Call for papers: The “Call to Preach” is riddled by Scripture, riddled with theology, and to be sure riddles our preaching. One’s theology of preaching is often expressed through a theology of call. Divine inspiration and divine sanction raise critical questions about call narratives in Scripture. The voice of the pulpit claims authority in the Church for devotional lives of personal faith and public lives of moral action or social justice. At times, distorted notions of call mark tragic theological and social barriers to pulpit access. Who is allowed to preach? What is allowed in preaching? How? Homiletic methodology and pedagogy wrestle no less with these same dynamics from The Call to Preach. Both our students’ embrace and passive resistance to the tasks of learning homiletics in our classrooms revolve often around sacred appeals to call. The anguish over sermon critique consistently reveals distress to call narratives and divine activity. And yet the in-breaking mystery of revelation in preaching, even with all of our inadequacies, abuses, or frailty, is somehow illumined by the mystery of call. This year’s conference theme and “call” for papers offer no fewer challenges and opportunities to learn, explore, and press our scholarship. We welcome your paper submission to one of the nine available workgroups.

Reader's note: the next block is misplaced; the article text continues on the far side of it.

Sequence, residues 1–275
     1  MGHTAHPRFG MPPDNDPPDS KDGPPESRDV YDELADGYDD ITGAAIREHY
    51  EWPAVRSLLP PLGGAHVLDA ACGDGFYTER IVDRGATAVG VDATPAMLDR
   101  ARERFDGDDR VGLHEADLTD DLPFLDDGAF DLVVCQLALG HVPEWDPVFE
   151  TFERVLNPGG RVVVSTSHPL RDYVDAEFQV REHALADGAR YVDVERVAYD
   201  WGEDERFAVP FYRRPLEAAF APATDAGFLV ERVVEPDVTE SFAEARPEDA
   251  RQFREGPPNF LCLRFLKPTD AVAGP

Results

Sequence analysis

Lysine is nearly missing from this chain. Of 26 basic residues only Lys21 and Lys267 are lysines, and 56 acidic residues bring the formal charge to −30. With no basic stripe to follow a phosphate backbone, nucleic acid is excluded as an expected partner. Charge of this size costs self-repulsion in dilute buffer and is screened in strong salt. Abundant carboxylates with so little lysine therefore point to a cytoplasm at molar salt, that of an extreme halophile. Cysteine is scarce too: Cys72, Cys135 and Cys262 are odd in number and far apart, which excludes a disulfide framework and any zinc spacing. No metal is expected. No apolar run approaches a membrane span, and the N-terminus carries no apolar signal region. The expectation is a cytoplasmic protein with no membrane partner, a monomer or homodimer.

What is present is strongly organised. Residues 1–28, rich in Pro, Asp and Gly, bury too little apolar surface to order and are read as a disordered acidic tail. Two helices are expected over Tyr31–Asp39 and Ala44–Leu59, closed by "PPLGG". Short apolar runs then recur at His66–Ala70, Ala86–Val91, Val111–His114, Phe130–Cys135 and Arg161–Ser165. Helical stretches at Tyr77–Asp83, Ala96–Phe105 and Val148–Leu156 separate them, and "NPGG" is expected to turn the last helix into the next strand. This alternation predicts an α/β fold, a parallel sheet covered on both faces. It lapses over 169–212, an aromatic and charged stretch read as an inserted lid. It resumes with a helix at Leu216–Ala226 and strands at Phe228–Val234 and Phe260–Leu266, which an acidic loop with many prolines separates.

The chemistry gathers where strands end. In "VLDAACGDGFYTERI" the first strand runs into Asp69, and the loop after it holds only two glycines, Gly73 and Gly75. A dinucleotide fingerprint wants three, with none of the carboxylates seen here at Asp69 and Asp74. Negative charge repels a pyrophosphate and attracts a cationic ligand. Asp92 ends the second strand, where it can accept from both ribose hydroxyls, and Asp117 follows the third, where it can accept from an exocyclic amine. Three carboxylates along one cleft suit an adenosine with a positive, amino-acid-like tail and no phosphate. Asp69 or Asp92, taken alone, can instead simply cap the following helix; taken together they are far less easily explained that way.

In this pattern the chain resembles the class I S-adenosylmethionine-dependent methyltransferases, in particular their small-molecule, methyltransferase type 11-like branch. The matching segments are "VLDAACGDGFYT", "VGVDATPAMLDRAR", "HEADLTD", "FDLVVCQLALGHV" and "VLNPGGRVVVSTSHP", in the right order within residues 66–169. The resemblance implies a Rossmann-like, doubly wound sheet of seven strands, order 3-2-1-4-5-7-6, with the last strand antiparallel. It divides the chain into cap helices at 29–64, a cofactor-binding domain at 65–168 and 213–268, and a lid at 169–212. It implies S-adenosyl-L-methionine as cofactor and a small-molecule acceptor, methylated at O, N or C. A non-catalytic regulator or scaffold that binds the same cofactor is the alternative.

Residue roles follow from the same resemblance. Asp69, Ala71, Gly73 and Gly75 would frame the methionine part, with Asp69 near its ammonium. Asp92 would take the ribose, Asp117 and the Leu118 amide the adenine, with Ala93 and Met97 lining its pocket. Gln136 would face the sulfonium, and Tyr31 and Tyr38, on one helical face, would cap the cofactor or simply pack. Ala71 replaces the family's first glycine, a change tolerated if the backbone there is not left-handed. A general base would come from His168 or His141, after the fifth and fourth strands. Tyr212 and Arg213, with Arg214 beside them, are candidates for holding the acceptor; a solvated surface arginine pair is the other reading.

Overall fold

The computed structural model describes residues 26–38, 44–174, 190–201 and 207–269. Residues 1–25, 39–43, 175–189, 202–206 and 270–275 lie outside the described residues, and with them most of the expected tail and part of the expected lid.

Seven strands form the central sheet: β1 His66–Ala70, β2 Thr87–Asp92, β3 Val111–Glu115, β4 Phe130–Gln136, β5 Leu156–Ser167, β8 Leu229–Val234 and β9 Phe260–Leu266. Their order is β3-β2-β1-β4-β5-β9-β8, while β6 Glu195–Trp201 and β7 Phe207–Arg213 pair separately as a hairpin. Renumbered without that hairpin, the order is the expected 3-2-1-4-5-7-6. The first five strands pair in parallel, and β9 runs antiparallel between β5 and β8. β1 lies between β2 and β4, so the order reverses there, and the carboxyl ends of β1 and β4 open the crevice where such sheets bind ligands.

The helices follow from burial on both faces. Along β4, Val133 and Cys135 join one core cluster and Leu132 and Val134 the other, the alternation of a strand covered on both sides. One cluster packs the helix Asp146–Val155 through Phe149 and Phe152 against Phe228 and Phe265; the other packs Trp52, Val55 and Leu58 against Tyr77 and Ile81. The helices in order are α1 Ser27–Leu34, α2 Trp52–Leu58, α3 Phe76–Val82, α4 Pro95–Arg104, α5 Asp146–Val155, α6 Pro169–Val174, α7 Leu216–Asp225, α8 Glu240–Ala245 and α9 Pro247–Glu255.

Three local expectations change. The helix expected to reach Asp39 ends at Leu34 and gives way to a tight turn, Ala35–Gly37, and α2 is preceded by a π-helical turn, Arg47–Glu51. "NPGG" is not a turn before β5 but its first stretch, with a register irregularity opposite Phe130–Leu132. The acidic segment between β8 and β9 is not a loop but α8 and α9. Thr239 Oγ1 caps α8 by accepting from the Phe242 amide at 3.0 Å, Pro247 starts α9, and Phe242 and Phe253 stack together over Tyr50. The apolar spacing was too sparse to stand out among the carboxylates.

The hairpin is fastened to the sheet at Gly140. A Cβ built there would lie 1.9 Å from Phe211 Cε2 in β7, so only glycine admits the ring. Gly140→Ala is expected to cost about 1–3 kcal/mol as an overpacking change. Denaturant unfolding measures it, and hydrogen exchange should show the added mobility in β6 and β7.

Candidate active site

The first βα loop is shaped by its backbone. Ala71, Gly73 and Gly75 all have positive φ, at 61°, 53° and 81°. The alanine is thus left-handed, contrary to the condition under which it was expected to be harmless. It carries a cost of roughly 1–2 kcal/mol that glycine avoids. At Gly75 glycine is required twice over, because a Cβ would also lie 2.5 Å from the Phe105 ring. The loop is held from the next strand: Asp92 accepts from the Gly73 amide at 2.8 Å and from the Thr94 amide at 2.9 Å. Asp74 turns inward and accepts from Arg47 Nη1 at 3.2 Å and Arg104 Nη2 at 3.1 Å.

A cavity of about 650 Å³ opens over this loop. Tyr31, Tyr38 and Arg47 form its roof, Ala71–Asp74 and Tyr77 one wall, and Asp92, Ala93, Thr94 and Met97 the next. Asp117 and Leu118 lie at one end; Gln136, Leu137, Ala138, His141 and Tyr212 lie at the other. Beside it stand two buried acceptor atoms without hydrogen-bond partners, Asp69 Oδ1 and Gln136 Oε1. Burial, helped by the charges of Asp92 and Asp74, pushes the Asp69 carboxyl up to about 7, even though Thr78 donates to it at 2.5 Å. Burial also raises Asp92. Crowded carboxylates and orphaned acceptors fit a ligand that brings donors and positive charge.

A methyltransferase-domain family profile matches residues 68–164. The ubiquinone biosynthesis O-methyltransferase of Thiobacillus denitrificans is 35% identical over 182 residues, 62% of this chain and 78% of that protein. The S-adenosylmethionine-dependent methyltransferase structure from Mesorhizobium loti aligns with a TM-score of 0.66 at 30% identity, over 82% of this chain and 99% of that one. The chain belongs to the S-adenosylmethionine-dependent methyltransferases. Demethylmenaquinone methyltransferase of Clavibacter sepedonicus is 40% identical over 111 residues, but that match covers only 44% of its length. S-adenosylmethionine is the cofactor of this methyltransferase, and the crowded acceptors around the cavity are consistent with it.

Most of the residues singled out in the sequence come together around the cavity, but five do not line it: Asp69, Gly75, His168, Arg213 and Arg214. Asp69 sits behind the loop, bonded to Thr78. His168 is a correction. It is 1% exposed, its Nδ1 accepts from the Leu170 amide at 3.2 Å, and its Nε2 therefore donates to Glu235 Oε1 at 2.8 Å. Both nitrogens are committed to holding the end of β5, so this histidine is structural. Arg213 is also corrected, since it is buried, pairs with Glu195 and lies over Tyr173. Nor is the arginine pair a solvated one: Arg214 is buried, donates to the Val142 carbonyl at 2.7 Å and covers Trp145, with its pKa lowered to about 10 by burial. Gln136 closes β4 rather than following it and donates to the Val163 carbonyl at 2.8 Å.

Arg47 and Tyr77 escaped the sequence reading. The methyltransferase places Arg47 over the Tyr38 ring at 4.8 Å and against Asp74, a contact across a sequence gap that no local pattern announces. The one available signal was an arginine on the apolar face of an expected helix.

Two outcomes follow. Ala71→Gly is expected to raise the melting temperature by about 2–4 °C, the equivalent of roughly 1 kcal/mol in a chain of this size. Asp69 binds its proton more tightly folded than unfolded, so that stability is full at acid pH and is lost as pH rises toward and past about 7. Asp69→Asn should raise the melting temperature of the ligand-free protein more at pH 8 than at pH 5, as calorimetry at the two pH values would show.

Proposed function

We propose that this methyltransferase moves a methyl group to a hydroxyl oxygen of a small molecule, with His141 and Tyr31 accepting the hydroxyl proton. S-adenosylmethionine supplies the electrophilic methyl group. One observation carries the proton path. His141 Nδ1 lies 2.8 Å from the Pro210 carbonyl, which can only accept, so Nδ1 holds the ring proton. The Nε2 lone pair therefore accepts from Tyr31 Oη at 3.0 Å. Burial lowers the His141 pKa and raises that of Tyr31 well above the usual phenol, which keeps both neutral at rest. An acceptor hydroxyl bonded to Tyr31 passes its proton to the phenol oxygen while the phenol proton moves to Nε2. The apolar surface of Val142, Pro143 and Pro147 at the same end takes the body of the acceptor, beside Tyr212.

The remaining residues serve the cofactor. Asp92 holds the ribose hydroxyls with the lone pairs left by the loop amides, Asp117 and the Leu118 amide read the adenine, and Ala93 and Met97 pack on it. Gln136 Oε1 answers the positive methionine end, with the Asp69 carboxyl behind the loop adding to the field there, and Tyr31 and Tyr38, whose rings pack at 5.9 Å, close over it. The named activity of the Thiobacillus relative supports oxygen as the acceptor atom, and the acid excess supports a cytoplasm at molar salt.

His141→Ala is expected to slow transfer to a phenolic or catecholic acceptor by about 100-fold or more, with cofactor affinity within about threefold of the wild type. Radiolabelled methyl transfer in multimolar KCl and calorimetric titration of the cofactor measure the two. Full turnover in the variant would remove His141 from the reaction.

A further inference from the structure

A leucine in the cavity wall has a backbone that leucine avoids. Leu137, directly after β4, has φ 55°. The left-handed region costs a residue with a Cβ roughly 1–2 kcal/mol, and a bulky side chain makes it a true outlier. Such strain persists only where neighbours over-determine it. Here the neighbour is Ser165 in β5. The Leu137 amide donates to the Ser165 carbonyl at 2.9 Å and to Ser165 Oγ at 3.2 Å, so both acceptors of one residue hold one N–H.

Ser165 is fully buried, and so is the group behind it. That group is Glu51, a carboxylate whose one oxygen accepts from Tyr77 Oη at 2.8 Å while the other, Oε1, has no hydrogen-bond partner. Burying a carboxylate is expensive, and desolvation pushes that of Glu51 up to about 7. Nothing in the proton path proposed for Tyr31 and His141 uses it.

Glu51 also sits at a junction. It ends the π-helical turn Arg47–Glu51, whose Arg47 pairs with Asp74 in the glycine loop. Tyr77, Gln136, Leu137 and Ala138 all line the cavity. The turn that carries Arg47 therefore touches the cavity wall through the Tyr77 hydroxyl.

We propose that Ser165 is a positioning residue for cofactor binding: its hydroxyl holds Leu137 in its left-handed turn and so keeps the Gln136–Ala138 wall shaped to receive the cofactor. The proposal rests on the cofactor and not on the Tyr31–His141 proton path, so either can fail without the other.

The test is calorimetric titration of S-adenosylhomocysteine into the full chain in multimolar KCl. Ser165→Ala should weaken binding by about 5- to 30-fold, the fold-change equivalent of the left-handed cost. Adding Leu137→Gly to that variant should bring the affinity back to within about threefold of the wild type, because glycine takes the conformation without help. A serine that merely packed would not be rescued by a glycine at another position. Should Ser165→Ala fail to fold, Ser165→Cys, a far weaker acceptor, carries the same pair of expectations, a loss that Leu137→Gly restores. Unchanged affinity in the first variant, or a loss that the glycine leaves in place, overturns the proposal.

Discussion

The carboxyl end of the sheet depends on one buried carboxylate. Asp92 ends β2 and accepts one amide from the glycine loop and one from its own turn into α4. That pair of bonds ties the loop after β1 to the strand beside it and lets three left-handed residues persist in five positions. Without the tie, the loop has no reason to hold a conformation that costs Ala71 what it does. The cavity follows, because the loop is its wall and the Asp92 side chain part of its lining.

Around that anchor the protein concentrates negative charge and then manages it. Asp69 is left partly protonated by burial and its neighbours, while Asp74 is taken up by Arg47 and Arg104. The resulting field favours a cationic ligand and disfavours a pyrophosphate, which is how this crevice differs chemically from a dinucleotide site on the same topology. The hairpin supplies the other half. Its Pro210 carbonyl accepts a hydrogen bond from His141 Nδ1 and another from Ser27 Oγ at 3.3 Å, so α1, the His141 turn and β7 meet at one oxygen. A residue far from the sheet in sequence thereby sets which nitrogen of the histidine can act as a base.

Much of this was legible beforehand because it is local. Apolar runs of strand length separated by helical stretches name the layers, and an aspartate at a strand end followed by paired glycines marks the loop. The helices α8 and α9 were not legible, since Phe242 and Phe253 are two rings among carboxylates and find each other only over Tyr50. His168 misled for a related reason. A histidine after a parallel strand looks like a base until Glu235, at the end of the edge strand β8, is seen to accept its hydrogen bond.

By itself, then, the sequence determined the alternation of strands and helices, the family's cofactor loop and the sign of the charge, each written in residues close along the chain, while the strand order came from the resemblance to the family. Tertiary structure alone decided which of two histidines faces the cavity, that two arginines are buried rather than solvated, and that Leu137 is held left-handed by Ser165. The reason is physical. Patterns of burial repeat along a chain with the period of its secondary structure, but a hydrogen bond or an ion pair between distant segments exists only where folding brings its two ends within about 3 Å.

Adventist Society for Religious Studies

Ernest F. Furness
Donn W. Leatherman